SAHRC Mpuma health concern no surprise: DA

By Drum Digital
22 December 2013

It was no surprise that the SA Human Rights Commission's (SAHRC) found that hospitals in Mpumalanga were in a critical state, the DA said on Sunday.

The Democratic Alliance had, for many years, warned that continued mismanagement, maladministration, centralised procurement and poor leadership would cause the complete collapse of public health care in the province, said the party's provincial leader James Masango.

"Furthermore, premier David Mabuza's continued refusal to take decisive action against failing MECs and HODs makes it clear that health care delivery takes second place behind political patronage," Masango said in a statement.

He said the DA had scored a victory for the more than three million people in the province by asking the SAHRC to investigate.

On Saturday, the SAHRC gave the Mpumalanga health department until March 31 to formulate and submit a detailed programme of action to address the critical skills, infrastructure and administrative problems in hospitals and clinics in the province.

Masango said on Sunday that the DA would check whether the department met the deadline.

"The SAHRC found that several hospitals in Mpumalanga are in a critical state resulting in the violation of the public's right to access health care services," spokesperson Isaac Mangena said in a statement.

"The latest findings in Mpumalanga are reflective of systemic challenges across the public health care sector that require urgent intervention."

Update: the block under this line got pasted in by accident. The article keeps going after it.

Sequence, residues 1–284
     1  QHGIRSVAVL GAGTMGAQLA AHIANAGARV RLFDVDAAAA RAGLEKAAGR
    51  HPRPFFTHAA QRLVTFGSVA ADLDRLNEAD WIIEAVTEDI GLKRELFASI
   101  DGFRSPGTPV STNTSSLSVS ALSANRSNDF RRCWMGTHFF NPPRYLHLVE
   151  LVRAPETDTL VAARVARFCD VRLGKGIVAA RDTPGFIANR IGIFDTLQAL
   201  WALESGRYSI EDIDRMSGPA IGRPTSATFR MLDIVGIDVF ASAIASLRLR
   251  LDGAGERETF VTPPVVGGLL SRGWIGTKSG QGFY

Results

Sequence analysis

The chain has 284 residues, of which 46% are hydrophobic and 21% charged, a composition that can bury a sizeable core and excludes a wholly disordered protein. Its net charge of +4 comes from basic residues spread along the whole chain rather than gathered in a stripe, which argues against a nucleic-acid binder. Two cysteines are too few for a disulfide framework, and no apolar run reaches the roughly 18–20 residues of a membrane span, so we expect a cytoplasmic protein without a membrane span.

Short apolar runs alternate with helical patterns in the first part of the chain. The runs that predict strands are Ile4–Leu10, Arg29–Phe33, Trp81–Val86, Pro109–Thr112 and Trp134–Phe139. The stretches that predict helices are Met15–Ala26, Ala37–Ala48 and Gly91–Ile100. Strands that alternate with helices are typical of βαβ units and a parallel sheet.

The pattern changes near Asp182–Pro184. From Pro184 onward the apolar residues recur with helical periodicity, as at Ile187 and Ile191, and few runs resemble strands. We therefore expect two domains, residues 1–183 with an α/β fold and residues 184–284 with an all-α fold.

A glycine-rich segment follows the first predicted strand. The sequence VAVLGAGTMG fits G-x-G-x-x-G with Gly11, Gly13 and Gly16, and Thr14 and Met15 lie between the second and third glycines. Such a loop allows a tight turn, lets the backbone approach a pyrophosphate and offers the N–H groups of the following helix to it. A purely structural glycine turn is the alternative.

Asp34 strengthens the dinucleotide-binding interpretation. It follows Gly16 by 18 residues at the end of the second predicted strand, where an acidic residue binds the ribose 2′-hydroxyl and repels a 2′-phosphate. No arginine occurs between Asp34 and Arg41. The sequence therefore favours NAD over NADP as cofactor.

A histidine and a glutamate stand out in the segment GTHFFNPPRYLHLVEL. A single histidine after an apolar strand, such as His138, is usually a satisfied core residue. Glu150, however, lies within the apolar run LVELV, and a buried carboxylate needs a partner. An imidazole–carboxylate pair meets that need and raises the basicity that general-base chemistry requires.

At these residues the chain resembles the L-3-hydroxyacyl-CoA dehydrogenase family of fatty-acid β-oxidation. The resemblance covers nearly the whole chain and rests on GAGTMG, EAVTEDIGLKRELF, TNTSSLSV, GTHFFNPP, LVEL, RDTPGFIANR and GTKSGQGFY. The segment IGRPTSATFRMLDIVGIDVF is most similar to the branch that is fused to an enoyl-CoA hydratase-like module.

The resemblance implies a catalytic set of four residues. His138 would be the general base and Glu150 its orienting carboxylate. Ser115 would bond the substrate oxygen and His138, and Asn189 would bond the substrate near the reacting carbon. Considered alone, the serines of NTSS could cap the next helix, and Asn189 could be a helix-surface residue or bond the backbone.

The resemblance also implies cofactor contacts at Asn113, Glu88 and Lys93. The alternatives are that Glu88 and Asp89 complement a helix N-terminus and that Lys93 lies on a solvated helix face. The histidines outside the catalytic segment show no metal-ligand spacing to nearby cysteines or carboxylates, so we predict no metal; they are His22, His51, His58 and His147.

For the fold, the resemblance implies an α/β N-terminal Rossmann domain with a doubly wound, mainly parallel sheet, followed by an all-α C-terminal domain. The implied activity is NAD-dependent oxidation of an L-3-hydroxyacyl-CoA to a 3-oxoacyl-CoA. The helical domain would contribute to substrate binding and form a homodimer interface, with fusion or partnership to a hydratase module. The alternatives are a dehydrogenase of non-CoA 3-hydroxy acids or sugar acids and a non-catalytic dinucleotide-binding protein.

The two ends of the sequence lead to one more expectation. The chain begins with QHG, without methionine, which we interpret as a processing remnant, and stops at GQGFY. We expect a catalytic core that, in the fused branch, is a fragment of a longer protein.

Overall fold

The SAHRC said its investigation followed a complaint that the provincial health department was failing in its duty to provide adequate health care services to communities.

Mangena said the investigation covered a sample of the three main hospitals in the province, the Rob Ferreira, Matibidi and Bernice Samuel hospitals.

Its main finding was that the situation in the hospitals affected the government's ability to "discharge its constitutional obligation to provide health services to members of the public".

In 2008, the SAHRC released a report on a nation-wide investigation into health care services in the country.

Mangena said it believed that, had the government responded in proactive way, its finding in Mpumalanga would have been different.

In 2008, the commission found a wide range of systemic, nation-wide shortcomings.

It recommended conducting skills audits of senior management, and implementing interventions such as training and awareness campaigns to capacitate senior staff; installing infrastructure; and provide funding, particularly in rural areas. - Sapa

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